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  (#1 (permalink)) Old
Dedalus Offline
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Name: Joe
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options for after MA - December 30th 2011, 06:02 PM

So, I've been thinking about this for a while, and I'm not sure how much you guys will be able to help. But I'd value other people's opinions and I haven't talked about this to anyone yet...I'm mostly worried about my parents' reactions. The other problem is that the UK/Eire education in both humanities and medicine differs greatly to the US education in terms of structure and what follows, so people may not be able to grasp my situation.

I'm currently reading an MA in Classics at Edinburgh University with a goal to being a University Lecturer. To achieve that I must read a PhD and the only way I could do that is with funding/scholarship that also gives a maintenance grant. And these are incredibly competitive, and for various reasons I am erring on the probability that I won't get any funding.

I was offered graduate entry medicine at the Royal College of Surgeons, Ireland at the same time I was offered the MA I'm reading. I chose the MA because I enjoy what I'm studying, I want to teach 3rd level (couldn't bear teaching 2nd level) and the various responsibilities of a lecturer are ones I would like. I had also spent a lot of time 6 months before the offers with dying relatives in hospitals and those experiences really put me off medicine - because being a doctor wouldn't be all laughs and making people better, its dealing with all the not very nice things in life - and it really would depress me at times.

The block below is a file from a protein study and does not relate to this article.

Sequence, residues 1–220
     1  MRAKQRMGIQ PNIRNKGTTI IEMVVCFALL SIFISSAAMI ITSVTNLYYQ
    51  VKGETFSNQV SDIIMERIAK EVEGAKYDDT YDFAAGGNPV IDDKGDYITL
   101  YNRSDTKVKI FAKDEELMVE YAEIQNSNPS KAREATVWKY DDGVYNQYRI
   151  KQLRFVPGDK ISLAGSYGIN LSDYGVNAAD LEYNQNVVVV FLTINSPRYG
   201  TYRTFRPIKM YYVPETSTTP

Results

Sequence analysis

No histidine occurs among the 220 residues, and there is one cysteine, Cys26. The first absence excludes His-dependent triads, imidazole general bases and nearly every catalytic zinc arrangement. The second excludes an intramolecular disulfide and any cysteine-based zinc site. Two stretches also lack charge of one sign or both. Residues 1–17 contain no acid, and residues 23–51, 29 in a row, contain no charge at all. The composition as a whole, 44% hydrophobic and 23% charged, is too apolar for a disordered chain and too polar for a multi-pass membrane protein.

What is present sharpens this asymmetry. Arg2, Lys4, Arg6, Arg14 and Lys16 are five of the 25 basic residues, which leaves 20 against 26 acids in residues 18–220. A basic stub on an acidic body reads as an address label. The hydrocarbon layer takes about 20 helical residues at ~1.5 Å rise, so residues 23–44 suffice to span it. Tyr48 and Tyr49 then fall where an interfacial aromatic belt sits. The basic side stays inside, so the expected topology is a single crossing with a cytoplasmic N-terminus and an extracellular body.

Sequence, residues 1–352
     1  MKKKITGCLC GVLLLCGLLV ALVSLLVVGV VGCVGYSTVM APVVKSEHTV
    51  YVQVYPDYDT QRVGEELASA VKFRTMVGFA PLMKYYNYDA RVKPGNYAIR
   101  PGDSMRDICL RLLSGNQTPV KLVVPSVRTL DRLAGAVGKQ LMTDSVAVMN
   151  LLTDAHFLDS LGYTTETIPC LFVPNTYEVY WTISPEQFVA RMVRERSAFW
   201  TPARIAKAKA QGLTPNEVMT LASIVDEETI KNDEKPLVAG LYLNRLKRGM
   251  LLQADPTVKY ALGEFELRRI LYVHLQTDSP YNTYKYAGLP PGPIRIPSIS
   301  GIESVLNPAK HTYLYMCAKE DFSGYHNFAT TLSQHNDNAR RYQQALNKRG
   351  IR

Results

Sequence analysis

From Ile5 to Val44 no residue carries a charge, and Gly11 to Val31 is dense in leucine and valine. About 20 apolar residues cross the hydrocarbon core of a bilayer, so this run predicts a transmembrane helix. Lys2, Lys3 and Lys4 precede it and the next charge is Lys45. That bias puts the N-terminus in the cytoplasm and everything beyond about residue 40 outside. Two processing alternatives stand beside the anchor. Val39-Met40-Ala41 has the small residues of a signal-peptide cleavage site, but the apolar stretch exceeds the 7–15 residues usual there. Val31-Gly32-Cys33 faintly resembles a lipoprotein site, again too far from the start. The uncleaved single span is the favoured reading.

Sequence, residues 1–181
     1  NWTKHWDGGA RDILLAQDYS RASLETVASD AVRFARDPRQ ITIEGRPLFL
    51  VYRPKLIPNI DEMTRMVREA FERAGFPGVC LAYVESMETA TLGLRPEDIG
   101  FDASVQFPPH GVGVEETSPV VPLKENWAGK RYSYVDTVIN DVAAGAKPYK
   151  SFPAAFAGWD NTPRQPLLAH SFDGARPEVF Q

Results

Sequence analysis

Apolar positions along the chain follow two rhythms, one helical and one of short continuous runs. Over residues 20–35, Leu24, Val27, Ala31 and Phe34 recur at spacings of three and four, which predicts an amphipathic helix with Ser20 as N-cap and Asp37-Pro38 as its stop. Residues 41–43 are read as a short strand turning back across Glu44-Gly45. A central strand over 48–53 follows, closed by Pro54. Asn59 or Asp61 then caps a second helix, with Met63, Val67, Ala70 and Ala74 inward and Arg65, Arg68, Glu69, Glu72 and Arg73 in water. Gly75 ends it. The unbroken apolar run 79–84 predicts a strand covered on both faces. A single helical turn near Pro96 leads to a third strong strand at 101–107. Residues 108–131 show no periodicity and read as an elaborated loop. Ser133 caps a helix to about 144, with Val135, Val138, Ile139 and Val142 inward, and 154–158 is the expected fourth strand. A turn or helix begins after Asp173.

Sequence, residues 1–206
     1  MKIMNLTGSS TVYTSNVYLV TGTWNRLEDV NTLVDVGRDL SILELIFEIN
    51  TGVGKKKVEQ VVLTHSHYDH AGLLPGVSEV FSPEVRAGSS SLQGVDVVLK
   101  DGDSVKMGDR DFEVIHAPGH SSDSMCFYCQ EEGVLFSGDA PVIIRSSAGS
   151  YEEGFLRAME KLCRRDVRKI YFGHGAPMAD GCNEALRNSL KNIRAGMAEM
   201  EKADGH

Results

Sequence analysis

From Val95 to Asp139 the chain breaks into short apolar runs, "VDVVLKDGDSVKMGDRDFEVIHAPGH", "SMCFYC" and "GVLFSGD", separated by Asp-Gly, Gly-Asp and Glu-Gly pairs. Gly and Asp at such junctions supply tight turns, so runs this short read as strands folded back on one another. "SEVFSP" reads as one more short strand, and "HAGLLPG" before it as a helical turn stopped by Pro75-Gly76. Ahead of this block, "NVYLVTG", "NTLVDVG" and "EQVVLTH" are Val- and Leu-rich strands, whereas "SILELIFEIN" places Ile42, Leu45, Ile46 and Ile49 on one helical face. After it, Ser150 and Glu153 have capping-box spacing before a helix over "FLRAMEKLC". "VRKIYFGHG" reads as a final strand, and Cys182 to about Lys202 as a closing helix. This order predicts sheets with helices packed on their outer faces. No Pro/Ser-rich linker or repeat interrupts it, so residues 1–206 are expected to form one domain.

But anyway, I need a back up option if I don't get funding for a PhD in Classics. I think medicine is my best option. I really enjoyed studying it when I took a few modules in my BA and I had a great time. Since I've been in Edinburgh I am missing Dublin and Ireland terribly and really want to return there - especially to my last university - and if the points to get on the course don't rise too much I could expect to be offered medicine at my old university. On getting an offer the banks will loan you 100,000 euros - half is for fees over the four years and the other half would cover living expenses, etc. And they offer that much because you are expected to pay it back.

The only problem is that my parents don't want me to go into healthcare and they gave me some money for my MA when I turned down the offer of medicine. They would go nuts if they found out I was applying for medicine again and thus making my MA a waste of money and time (in their opinions).

I would very much enjoy studying medicine, I'm just worried about the profession. But the other aspect is that the profession, even if it was very enjoyable, would not give me al the joys that I could see with lecturing at university in Classics. Nothing could compare to that.

Other back up options people have told me about are Law conversion courses which I am not too sure about. I could do one at King's in Dublin. But I don't know if I'd enjoy Law very much - I haven't thought about it a lot.
   
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Re: options for after MA - January 6th 2012, 03:54 AM